(Reuters) - Canada’s biggest non-bank lender Home Capital Group Inc (HCG.TO), said an unnamed buyer intends to purchase up to C$1.5 billion ($1.1 billion) worth of its mortgages, helping its shares rise by 30 percent on Tuesday.
Shares in the company, which had lost more than 80 percent of their value since the start of the year, have risen by 50 percent this week as investors digested moves to strengthen its board and stem a flow of customer withdrawals.
“This is another step forward in the company’s efforts to restore confidence in our operations,” said newly-appointed Home Capital Chair Brenda Eprile.
The potential buyer has said it could purchase C$1 billion of uninsured mortgages and accept commitments or purchase up to C$500 million of insured mortgages, Home Capital said.
“It gives them breathing room,” said Norman Levine, managing director at Portfolio Management Corp, which oversees C$625 million but does not hold the stock. “They can still originate mortgages and make money doing that, but that they don’t need the same amount of capital.”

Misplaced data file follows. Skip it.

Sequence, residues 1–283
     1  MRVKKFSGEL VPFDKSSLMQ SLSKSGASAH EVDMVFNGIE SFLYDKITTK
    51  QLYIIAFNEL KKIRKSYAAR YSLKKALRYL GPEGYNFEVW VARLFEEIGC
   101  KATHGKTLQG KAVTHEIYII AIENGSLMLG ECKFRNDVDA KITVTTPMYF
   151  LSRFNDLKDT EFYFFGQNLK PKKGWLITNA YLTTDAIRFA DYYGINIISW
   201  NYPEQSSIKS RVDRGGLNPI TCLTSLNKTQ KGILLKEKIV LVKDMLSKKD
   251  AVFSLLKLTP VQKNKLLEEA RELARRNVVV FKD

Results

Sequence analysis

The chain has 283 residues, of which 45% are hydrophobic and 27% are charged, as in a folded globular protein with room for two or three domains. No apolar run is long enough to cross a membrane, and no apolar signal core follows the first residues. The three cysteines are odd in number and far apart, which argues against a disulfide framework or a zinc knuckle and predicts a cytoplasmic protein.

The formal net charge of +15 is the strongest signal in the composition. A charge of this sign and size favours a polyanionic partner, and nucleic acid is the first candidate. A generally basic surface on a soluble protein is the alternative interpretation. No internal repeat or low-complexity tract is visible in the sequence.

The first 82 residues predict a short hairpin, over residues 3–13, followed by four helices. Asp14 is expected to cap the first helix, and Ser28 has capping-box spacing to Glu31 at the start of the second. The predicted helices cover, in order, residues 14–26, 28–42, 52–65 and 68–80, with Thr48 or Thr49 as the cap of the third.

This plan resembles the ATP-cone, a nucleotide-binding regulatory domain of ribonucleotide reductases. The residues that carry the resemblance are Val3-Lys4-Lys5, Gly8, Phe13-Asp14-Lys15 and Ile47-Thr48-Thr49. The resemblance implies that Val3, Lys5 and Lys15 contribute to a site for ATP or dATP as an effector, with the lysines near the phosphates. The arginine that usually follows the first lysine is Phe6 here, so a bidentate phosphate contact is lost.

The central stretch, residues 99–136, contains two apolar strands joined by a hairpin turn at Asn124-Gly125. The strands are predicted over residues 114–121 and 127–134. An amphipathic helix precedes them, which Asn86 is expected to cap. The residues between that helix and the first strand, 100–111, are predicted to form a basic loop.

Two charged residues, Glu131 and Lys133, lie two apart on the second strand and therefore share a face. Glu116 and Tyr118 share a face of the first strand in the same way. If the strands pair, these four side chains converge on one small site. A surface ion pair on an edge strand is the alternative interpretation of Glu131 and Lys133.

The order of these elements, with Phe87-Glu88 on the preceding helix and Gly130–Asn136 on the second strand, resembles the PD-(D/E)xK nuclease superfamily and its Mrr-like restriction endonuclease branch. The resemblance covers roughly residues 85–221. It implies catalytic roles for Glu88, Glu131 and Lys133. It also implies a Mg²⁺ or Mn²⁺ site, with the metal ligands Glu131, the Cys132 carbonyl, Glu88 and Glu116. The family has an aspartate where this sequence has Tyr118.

Depositors have withdrawn more than 90 percent of funds from Home Capital’s high-interest savings accounts since March 27, when the company terminated the employment of former Chief Executive Martin Reid.
The withdrawals accelerated after April 19, when Canada’s biggest securities regulator, the Ontario Securities Commission, accused Home Capital of making misleading statements to investors about its mortgage underwriting business. The company has said the accusations are without merit.
Home Capital said its high-interest savings deposits were expected to have fallen to about C$146 million following completion of Monday’s settlements from just under C$2 billion on March 27. Last month, the company agreed to receive C$2 billion in emergency funding from the Healthcare of Ontario Pension Plan (HOOPP).
Home Capital provides loans to borrowers, such as self-employed workers or newcomers to Canada, who may not meet the strict criteria of the country’s biggest banks. Its problems have coincided with the introduction of measures to cool Toronto’s red-hot housing market, including a tax on speculative buyers, and sparked worries it could trigger a broader housing market collapse.
The lender said it will continue to offer mortgages in most of its product categories, but at lower volumes. The company also plans to tighten lending criteria and reduce some broker incentive programs.
On Monday, the company named three Bay Street professionals to its new board and a new chairwoman.
Additional reporting by Arathy S Nair in Bengaluru; Editing by Nick Zieminski and Jeffrey Benkoe